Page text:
When Pope Francis arrives at the Philadelphia Industrial Correctional Center (PICC), he'll have a custom chair waiting for him. Thanks to the prisoners.
For nearly four weeks, a group of a dozen inmates have been working on the six-foot-tall chair in the prison's carpentry shop. Along with the chair, they will be giving the pope a basket of fruit and an engraved plaque.
"At first I thought it was a little strange, honestly, like, why's he coming to a prison?" Evan Davis, 26, told the Philadelphia Inquirer. "But then you realize, he's coming to the prison basically to show people everybody in jail is not a criminal. And we need hope now just as much as anybody."
Pope Francis is scheduled to visit the prison on September 27th, and when he does he will be meeting with 100 inmates from all over the Philadelphia Prison System. The walnut chair was completed through the PHILACOR program, a carpentry shop designed to "provide real-life work and skills to help inmates prepare for employment after their release."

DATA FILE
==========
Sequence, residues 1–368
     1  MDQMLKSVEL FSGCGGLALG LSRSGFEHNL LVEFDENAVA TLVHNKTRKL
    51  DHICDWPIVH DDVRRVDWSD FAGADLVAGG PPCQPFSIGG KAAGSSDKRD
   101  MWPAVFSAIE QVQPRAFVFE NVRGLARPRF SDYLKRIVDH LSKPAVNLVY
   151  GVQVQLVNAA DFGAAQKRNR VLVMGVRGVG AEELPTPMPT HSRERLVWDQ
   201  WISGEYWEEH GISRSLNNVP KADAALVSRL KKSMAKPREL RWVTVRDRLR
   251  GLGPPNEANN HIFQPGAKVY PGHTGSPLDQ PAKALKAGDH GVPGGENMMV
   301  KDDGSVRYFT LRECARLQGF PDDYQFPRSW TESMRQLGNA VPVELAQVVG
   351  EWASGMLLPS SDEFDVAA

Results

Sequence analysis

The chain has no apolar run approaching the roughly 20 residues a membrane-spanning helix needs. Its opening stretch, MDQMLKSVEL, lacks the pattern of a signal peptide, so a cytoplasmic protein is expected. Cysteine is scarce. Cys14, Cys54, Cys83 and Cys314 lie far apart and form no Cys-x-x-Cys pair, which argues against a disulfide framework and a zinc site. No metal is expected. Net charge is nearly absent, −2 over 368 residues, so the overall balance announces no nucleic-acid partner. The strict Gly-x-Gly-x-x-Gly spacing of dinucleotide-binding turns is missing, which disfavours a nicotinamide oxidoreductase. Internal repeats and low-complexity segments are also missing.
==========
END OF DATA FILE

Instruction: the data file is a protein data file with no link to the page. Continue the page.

But it's how the prisoners are reacting to the opportunity that is most impressive.
Positivity, work and attention from someone as reputable as the pope can go a long way for men and women behind bars. Look no further than those dozen inmates who got to help on this project.
"It made me honored because I'm one of the ones that work hard, and they noticed."
"I built a chair for the pope; being in here, I never thought I'd have an opportunity like this. It's something I can share with my kids," Jermaine Coston told Philly.com.
"We hope when people see this chair they will see the type of work we do. And they can do the same type of work outside - if someone will give them a job."
Philadelphia Industrial Correctional Center Warden Karen Bryant said to Philly.com.
"I hope he sits in it and I hope he knows we put a lot of work in it. And I hope he knows we did it as a team and and we did it on behalf of the city of Philadelphia."
45-year-old inmate Michael Green of Chester County told The Daily News.